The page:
Previously in The Interview I discussed the process of hiring staff and the perspective from an employers point of view.
Too often in my own job search I gave minimal consideration to the person on the other side of the table. In fact, after constant searching, short listing, applying and following up numerous opportunities it left little time to think about the prospective employer.
The first blog addressed the approach, the preparation for making you stand out from the crowd. If you have the same formatted résumé as all the others, don’t attach a cover letter that shows you read the job ad and expect your skills to jump off the page – think again. There’s simply no time for a detailed read the first pass through.
If I’m looking to shortlist 8 to 10 résumés, then it works out around 1 in 10 get read thoroughly.
Prospecting for Gold
Don’t expect a résumé to get you a job, it’s purpose is to get you an interview.
I don’t pretend to be the preeminent expert on résumé writing nor know what works best, but can relay a few things that made me look twice.
Well Written Cover Letter
First and foremost for me, can you write a cover letter? Formatted correctly? Correct spelling and punctuation?
Well that’s a huge tick already, last round of résumés over half didn’t add a cover letter and less than 20% bothered to format it correctly. This is after I bolded it in the job ad … I thought that would be sufficient but obviously not.
Other tips for cover letters:
- Research a company and show a unique interest – so the employer knows you’ve done your homework
- Come up with a spin – it may be a quote, a verse of poetry, an image or embedded cartoon – it should be relevant. But including something different will pique my interest to meet you. Remember that’s the sole purpose.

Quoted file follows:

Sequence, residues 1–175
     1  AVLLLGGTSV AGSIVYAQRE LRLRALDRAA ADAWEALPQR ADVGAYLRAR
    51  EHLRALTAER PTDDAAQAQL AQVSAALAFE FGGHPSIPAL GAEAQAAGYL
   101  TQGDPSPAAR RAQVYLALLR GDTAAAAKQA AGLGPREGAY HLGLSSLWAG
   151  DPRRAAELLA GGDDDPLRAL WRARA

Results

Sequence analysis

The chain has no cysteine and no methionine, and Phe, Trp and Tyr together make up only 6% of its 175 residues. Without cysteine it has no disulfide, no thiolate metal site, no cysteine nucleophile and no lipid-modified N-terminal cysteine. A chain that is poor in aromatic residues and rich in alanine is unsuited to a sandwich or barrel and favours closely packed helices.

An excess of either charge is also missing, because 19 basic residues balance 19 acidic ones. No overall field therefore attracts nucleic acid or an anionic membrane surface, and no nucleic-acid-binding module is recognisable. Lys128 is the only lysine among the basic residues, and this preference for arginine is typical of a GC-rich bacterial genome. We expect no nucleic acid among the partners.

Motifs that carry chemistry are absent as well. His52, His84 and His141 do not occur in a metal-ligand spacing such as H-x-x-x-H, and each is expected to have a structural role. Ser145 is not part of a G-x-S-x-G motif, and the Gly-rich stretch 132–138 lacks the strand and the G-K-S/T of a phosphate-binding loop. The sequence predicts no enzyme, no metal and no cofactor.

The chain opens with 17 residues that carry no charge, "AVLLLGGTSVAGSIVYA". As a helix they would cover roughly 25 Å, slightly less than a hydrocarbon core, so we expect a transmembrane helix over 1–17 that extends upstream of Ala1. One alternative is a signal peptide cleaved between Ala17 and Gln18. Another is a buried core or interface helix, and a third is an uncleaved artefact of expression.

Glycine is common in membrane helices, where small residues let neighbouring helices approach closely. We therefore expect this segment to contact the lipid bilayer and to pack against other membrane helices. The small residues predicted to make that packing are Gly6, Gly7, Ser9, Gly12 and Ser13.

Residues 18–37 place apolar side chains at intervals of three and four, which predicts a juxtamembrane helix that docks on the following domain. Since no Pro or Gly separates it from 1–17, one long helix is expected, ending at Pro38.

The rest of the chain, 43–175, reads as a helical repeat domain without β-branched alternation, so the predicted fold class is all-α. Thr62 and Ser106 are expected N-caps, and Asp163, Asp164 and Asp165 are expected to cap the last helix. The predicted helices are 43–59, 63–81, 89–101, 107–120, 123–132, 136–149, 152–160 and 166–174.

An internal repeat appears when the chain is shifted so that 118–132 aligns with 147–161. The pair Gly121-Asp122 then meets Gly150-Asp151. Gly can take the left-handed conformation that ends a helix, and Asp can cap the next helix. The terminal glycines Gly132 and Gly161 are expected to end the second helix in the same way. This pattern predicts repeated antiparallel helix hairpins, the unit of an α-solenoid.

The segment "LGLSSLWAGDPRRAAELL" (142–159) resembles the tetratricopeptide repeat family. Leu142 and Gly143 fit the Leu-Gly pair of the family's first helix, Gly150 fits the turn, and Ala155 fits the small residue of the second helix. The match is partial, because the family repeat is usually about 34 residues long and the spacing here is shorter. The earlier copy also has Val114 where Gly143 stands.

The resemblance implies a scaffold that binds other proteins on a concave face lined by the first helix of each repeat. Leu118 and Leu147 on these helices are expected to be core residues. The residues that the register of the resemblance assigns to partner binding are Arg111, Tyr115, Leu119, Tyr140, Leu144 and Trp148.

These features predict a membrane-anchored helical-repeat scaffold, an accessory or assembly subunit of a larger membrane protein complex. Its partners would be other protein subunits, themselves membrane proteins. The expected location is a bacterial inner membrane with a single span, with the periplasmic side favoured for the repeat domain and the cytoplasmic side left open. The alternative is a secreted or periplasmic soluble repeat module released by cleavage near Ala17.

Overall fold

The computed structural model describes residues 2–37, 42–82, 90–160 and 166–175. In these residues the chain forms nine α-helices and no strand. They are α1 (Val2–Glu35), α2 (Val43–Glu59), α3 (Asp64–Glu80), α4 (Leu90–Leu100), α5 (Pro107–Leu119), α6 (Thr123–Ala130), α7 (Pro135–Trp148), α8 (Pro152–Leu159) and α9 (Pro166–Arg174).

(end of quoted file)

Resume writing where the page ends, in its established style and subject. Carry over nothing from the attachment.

- Quote specific details that highlight you – concisely. Also shows an effort to tailor to THE job not a job.
- Keep to one page – don’t dribble for the sake of it. Well spaced, 3 – 4 paragraphs and you’ve nailed it.
Well Crafted Résumé
Don’t take my word for it, but the cover letter to me is more important, personal and insightful than the résumé.
Your résumé is important, and will be absolutely critical once you’re shortlisted, but for first shortlist it’s still only a relatively cursory glance.
Being succinct, well crafted and styled to the industry in which you’re applying should be factors in design.
In terms of content, the front page is more relevant that the second page, the top of the page more relevant than the bottom.
Think of your résumé as real estate, you have the header which is beachfront property and the footer which is utilities. Near your header you want stuff that stands out, is well spaced and easy to read. Below is the fine print.
THE Job Not A Job
There are tons of resources on the web to help create a résumé and I can’t add to that, but when applying for a role consider your audience, consider your content and focus on the beachfront property to highlight why you are right for this role.
Remember an employer wants to feel you want THE job not just A job.